Follow the guidelines set out in our FREE Ultimate Handy Resource Guide for Travellers and Volunteers in Southern Africa. It has valuable info on a number of different African countries, to help you make your decision.Grab It Here, For FREE!

Here are a few tips to bear in mind for Africa volunteers in all countries on the continent, to get you started on your research.

  • Don’t walk round alone at night – get the Uber app if you’re in a large urban area where it’s available, or use a reputable sedan-car taxi service. There are minibus taxis or smaller “Tuk-tuks” in pretty much every town and city on the Continent which travel on set routes. Be cautious – ask your volunteer co-ordinators which routes you can take safely. Make sure the vehicle you get into isn’t a rustbucket!
  • During the day you can walk around safely pretty much anywhere, but employ the same amount of common sense you would use in European cities like Barcelona or Athens. Keep your eyes open, watch your back, and avoid lonely alleyways if possible.
  • If you see a big crowd forming in a town or village, it’s advisable not to walk up to or through it. If it’s a concert or event you’ve planned to go to, that’s great, but if it’s a political demonstration or something of that nature, people tend to get excited and unpredictable. Rather avoid!
  • If you’re a nature lover who wants to stretch your legs and get some fresh air, it’s best to go in a group. Always tell the co-ordinators where you are going and how long you expect to be.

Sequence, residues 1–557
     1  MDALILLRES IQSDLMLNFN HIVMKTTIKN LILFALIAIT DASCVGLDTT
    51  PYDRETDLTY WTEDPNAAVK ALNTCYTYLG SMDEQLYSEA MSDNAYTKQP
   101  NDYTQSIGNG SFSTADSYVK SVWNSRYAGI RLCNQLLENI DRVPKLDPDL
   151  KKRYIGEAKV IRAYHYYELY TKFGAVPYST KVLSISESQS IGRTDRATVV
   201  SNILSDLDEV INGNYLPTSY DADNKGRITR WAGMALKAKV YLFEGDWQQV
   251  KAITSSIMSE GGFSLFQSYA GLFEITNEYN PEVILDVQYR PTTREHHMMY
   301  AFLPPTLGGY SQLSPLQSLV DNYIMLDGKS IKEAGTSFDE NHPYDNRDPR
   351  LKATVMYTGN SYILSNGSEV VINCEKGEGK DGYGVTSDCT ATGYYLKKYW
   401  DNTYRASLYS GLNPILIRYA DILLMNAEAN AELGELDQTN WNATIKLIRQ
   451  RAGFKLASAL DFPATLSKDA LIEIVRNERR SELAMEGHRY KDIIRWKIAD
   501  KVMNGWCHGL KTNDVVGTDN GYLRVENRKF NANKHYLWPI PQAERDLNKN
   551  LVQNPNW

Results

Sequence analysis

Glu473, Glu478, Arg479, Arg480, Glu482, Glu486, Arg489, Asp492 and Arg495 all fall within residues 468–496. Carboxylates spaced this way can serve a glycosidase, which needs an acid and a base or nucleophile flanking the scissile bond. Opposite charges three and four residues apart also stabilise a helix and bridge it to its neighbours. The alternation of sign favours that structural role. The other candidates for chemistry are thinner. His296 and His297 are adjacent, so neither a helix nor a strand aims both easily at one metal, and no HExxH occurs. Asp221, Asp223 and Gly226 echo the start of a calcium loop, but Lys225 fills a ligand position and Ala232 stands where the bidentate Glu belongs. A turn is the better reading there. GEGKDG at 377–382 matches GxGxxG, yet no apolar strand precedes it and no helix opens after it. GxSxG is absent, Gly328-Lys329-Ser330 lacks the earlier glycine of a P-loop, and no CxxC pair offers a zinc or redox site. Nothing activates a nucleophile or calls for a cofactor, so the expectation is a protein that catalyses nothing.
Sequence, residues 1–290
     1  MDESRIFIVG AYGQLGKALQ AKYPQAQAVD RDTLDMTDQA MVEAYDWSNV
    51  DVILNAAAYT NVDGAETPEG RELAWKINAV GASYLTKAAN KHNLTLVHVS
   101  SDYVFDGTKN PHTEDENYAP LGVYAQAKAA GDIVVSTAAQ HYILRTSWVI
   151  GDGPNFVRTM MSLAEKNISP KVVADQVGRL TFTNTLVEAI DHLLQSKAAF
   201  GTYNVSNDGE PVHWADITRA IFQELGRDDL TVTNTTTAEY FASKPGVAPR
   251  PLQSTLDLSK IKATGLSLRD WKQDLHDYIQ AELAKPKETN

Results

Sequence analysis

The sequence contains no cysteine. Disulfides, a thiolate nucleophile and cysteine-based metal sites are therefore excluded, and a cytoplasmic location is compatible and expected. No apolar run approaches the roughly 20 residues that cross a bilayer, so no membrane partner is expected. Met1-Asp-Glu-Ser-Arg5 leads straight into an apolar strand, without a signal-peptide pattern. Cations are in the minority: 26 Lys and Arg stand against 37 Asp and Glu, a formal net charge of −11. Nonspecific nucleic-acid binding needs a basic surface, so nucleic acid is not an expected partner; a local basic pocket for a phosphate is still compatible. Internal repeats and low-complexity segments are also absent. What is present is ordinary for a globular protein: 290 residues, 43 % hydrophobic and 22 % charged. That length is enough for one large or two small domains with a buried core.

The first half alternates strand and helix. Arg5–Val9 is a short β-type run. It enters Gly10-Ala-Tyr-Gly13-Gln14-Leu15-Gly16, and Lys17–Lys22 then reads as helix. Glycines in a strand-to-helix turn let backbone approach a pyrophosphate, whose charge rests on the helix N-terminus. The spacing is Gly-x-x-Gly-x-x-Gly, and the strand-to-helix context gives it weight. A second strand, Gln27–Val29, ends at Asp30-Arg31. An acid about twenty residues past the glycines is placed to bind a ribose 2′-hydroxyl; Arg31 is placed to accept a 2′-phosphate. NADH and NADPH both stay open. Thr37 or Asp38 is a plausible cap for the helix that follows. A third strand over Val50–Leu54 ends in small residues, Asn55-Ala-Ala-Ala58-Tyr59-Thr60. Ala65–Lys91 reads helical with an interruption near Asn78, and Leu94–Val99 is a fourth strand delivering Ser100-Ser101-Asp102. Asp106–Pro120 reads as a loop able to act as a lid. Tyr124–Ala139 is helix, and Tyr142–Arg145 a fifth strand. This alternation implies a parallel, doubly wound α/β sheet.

• It seems pretty obvious, but reminders don’t hurt - do not walk around with visible valuables or loosely-slung bags and backpacks. You immediately look like an easy-mark first-time tourist!
  • Keep a cellphone on you in a non-visible place, so you can call somebody for help if you are lost or feel unsafe. Cellphone networks are fairly widespread around Africa, except in remote rural locations.
  • Maintain an air of confidence and knowledge of where you are going, even if you are not too sure! Look at a map indoors off the street to plan your route.
  • Only draw your wallet in shopping centres and other secured areas. Keep some small bills and coins in your pocket for paying public transport or in smaller shops and markets.
  • If you’re in Malawi, you’ll probably be looking forward to getting out on the famous lake. For peace of mind on the water, don’t forget to look at any boat or vessel before you embark, to make sure it’s seaworthy.
  • Make sure you familiarise yourself with the general dress sense of the locals. Some countries (especially those where the people mainly follow Islam) have a very modest dress code. Also, you don’t want to expose too much of yourself to the bright African sun too soon.
  • Don’t draw unnecessary attention to yourself with loudness or brash behaviour or public displays of affection in the more conservative countries like Malawi or Tanzania. In countries like South Africa, self-expression isn’t frowned upon, quite the opposite in fact. Be your wonderful self!